2 of 4 thought this review was well written
With much success in the underground Moneen has risen to the challenge of trying to get themselves known to the general public. After switching labels, now signed under Vagrant I feel Moneen will definately get bigger as they have already done so with their new songs. I will say first off that this album easily tops their 2 prior albums and would be for anyone that likes alternative or punk. These songs are as well shorter in length but still keep up those excessively song names.
The opener "Don't Ever Tell Locke What He Can't Do", has a great built-up intro, key for getting your interest right away. Moneen waste no time getting a little heavy for the start, the song rises up to well-ranged vocals done by Kenny backed by a great guitar riff in the chorus, the vocals get very agressive before the last chorus, and then finish with Kenny. The next one, "If Tragedy's Appealing... Then Disaster's An Addiction" is one of the few that go back similarily to Moneen's punk roots, with modern punk chords done by both guitars and original lyrics, the song never slows down and keeps you going. Track 3, "Bleed And Blister (Version 3)" has a history behind it, the original was released on MySpace and the second version (which is similar to the first but with an added bridge) was featured on The Switcheroo Series with fellow Canadians, Alexisonfire. The third is not much different, simply redone with a different style to it, sped up and no slow bridge.
"The Day No One Needed To Know" and has a darker feel to it, signifying the vocals with grungy guitar in the back and the occasional riff, similar to that of an upcoming track. The next is a soft one. With a little less appealing vocals but at the same time very melodic guitar. The song goes through three stages, each with more of a full sound than the last, and the third being heaviest. Track 6, "The Frightening Reality Of The Fact That We Will All Have To Grow Up And Settle Down One Day" is by far the best on the CD, with a killer guitar riff, backed by solemn-sounding power chords, which is all put together with singing that really shows off Kenny's abilities in singing and writing.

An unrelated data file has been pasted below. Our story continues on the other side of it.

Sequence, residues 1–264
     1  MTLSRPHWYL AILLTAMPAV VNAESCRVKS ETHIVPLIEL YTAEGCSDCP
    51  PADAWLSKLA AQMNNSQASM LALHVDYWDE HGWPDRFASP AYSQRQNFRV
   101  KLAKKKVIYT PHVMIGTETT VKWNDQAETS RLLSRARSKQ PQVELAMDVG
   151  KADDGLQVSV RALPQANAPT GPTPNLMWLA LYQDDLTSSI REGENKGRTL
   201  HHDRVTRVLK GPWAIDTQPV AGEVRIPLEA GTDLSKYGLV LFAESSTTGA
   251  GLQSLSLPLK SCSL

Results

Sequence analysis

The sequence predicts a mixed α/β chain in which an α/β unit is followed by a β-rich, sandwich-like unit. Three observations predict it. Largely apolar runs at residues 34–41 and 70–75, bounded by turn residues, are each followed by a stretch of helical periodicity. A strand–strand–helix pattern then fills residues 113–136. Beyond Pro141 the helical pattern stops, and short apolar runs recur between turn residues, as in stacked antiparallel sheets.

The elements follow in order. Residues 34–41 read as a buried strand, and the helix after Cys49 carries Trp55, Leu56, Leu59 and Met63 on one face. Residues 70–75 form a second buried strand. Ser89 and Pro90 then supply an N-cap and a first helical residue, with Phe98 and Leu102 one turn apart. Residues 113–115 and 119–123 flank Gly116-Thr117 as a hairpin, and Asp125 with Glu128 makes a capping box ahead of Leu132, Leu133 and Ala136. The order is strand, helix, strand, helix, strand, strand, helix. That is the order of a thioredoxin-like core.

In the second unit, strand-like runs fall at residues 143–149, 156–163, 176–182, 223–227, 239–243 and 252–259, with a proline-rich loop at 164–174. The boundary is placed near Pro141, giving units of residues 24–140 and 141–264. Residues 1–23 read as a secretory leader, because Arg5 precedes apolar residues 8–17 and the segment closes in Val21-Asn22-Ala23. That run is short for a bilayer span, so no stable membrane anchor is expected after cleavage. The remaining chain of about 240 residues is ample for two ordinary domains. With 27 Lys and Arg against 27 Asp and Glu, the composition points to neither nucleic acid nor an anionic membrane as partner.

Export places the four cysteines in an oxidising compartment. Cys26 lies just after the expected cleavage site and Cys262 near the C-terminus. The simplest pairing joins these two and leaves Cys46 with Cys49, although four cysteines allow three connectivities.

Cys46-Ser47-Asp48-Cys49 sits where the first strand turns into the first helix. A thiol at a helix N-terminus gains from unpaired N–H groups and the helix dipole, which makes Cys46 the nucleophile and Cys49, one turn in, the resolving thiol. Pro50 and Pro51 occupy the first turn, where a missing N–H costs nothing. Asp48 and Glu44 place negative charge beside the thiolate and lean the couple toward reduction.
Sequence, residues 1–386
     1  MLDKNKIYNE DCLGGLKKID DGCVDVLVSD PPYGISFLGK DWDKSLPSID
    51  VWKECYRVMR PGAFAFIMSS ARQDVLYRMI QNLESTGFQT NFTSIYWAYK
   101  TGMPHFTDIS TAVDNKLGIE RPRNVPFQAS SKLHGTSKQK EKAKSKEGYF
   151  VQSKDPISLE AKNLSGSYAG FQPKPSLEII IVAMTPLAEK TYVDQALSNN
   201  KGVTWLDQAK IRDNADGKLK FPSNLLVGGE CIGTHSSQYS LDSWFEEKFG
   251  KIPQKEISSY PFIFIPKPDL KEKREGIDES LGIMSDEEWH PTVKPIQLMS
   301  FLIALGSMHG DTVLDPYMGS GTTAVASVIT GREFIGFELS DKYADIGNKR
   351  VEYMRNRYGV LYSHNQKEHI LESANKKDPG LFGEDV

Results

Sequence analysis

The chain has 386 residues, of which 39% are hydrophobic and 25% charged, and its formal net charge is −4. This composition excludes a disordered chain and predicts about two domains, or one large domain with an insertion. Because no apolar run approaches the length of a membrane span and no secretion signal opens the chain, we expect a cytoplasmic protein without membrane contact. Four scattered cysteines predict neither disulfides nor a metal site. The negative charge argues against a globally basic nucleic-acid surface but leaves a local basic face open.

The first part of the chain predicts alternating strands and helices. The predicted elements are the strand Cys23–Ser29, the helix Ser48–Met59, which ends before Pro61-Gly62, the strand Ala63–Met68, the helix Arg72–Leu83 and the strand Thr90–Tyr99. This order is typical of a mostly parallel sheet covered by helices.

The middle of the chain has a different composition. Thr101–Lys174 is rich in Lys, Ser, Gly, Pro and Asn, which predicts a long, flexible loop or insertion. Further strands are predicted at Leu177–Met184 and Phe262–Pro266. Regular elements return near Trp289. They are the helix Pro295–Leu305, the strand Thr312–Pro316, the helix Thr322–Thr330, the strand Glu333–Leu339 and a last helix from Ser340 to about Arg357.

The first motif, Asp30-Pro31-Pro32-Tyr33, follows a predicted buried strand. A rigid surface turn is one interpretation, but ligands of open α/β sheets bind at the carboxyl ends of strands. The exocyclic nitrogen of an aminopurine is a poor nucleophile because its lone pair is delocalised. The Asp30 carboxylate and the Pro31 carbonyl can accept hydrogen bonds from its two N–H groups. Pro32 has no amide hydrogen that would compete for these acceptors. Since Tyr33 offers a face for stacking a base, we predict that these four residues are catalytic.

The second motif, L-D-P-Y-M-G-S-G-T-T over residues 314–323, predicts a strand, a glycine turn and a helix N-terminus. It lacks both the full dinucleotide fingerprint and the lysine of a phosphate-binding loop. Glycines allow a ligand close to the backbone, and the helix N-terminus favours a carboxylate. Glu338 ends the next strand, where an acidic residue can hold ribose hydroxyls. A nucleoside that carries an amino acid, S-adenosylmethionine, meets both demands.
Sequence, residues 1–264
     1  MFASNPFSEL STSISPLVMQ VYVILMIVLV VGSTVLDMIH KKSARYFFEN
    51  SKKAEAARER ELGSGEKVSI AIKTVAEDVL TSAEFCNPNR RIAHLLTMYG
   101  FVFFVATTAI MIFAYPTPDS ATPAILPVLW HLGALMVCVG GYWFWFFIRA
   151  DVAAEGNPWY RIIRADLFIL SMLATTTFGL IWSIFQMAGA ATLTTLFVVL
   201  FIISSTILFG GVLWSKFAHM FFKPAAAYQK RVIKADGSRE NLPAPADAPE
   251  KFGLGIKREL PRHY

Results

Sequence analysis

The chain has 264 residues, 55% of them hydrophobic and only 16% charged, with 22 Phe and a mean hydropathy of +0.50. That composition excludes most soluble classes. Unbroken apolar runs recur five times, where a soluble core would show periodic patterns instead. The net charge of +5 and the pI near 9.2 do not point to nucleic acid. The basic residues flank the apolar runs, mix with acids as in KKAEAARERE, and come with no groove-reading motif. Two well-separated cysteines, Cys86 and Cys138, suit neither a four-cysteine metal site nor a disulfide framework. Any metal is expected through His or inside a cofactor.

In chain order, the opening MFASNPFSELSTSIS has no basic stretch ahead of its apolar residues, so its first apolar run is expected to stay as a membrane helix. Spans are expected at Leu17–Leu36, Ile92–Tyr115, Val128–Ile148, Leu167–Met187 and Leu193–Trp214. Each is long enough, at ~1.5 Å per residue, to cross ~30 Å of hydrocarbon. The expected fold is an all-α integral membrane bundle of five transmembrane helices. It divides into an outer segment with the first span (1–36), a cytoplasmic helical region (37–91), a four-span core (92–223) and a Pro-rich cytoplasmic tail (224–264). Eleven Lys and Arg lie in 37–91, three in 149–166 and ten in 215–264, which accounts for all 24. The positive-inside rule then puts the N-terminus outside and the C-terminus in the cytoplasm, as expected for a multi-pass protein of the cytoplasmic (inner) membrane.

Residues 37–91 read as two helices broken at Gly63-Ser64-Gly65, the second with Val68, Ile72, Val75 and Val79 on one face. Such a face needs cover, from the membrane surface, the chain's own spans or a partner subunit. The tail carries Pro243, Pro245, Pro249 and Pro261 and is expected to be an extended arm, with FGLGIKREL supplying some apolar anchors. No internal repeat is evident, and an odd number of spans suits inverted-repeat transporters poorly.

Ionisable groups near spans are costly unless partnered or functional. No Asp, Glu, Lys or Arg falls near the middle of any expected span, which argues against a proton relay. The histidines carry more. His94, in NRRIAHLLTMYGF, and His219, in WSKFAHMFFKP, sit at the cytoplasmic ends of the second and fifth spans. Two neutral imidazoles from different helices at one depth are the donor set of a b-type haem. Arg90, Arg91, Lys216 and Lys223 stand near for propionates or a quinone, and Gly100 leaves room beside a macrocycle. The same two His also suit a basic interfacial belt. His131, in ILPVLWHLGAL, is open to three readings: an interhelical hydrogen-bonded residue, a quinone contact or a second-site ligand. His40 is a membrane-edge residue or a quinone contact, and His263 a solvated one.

For the last 2 songs we really slow down, track 7 "The Politics in Living and The Shame in Dying", track 8, The East has Stolen What the West May Want" and track 9 "Seasons Fade...Fever's Rage...It's A Slow Decay" being the transition songs, track 7 is overall very similar to track 4, but with a softer chorus, faster paced in parts and less dark. Track 8 is a little heavier but just as slow in parts and builds up multiple times and features a melodic intro. In Track 9 we finally hear the powerful voice of Hippie Chris, backed by somewhat heavy guitar, with kenny singing the softer parts.
And now this is where it completely slows down, as well as loses your interest a little. Track 10, "There Are A Million Reasons For Why This May Not Work...And Just One Good One For Why It Will" is much like track 5, same unappealing singing singing and softer synth guitar. This song as well gets heavier at the end for a closer. We then get to the album closer, "The Song I Swore Never To Sing". This song is my least favourite on the album and not the best closer. It is very soft throughout the whole song with quiet vocals and simply a single piano for isntrumental.
Overall I would give this album 4.5, it changes a lot and there are many songs that are not in any way similar and keep you very interested and rockin' for a good while. Definately a good listen, very glad I bought it, also note that this album is not 25 bucks, like the first 2, and is only 11 at most. A few songs are not done as well and lose your interest, but aside from that, this was an insane album.